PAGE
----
Changes Proposed for Florida’s Photo Array and Live Lineup Procedures

The Florida Department of Law Enforcement, Florida Police Chief’s Association, Florida Sheriff’s Association, and the Florida Prosecuting Attorneys Association are issuing standardized guidelines for law enforcement agencies shaping how photographic and live lineups will be conducted in the future.

Originally proposed by the Florida Innocence Commission and used in the Eyewitness Reform Act (SB 1206 and HB 821), this legislation failed in both houses last year.  Though lobbying in Tallahassee against legislative mandates, the FDLE, FPCA, FSA, and FPAA have endorsed voluntary changes to photo and live lineup procedures.

Because the FPAA is “requiring” the voluntary changes in each judicial circuit, the implementation of these guidelines is a foregone conclusion.  Your police agency will be adopting them.

The Standards for Florida State and Local Law Enforcement Agencies in Dealing with Photographic or Live Lineups in Eyewitness Identification outlines the Florida Innocence Commission’s position on the matter.  Subsequent to this, the FDLE, FPCA, FSA, and FPAA issued their Commentary and Instructions to the above standards.

The general standards can be summed up here:

III. Standards for Florida State and Local Law Enforcement Agencies in Dealing with Photographic or Live Lineups in Eyewitness Identification

Each Florida state and local law enforcement agency shall have in place a written policy regarding photographic or live lineups to be utilized in eyewitness identification.  The policy shall address at a minimum the following:

A.    The creation, composition, and utilization of the photo array or lineup.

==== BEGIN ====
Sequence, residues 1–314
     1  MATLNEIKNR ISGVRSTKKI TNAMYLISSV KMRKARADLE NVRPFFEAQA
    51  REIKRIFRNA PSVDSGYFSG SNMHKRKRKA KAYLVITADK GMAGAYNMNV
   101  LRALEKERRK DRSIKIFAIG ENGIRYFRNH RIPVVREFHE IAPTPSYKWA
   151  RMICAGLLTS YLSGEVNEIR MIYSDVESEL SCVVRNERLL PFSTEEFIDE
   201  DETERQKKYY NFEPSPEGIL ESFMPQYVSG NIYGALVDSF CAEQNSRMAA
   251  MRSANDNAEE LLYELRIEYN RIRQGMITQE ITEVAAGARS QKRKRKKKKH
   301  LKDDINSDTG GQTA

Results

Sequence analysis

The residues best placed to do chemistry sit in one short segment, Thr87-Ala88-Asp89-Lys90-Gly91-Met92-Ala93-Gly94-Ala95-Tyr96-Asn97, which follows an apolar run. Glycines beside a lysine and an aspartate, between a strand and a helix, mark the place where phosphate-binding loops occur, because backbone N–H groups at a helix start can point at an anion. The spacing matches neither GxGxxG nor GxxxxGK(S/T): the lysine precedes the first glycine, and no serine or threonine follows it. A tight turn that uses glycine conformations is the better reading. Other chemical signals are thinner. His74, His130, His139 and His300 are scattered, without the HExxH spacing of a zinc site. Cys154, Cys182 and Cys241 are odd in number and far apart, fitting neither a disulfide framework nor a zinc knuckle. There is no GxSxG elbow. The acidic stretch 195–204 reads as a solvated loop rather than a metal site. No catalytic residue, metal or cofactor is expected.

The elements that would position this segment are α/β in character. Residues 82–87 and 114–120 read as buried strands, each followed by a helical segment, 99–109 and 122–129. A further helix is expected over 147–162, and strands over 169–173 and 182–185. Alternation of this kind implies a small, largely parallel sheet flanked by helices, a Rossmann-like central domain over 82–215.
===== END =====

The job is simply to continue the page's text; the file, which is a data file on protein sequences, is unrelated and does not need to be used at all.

B.    Standard instructions to be used to instruct the witness prior to a photographic or live lineup.
C.    Direction to the investigator conducting the photographic or live lineup to avoid any conduct that might directly or indirectly influence the witness’s decision; and to avoid comments or actions that suggest the witness did or did not identify the suspect.
D.    How to discern the level of confidence in an identification as expressed by the witness.
E.    How to document the procedure and outcome of the photographic or live lineup, including noting the witness’s response and exact words.
F.    The method(s) of presenting the lineup.
G.    Requiring training on the agency policy by any agency personnel who will be administering a photographic or live lineup.

In the Commentary and Instructions, FPAA addresses simultaneous and sequential photo arrays and live lineups.  Also of importance is the inclusion of a double-blind component to lineups.  Under the standards, the use of an Independent Administrator, who has no knowledge of the suspect’s identity, is urged.

In recent years, DNA test results have brought to light the fallibility of eyewitness identification in criminal cases.  The Florida Innocence Commission’s research into mistaken identification led to the rush to alter how law enforcement agencies assist witnesses in viewing potential suspects.

Although my department’s General Orders and Photo Array Instructions already comply with the new standards, we will probably begin using sequential photo arrays shown by a “blind” administrator instead of the simultaneous array predominantly shown by by the lead investigator or his partner.

The most current information I found on the subject was in a National Institute of Justice article from June 15, 2012.  I think this statement from that article sums up eyewitness identification:  “The police lineup is an inherently human process, and therefore inherently flawed.”  Eyewitness identification, whether through photographs or live viewing, should only be a part of the measure of probable cause in a criminal case.  To err is human…


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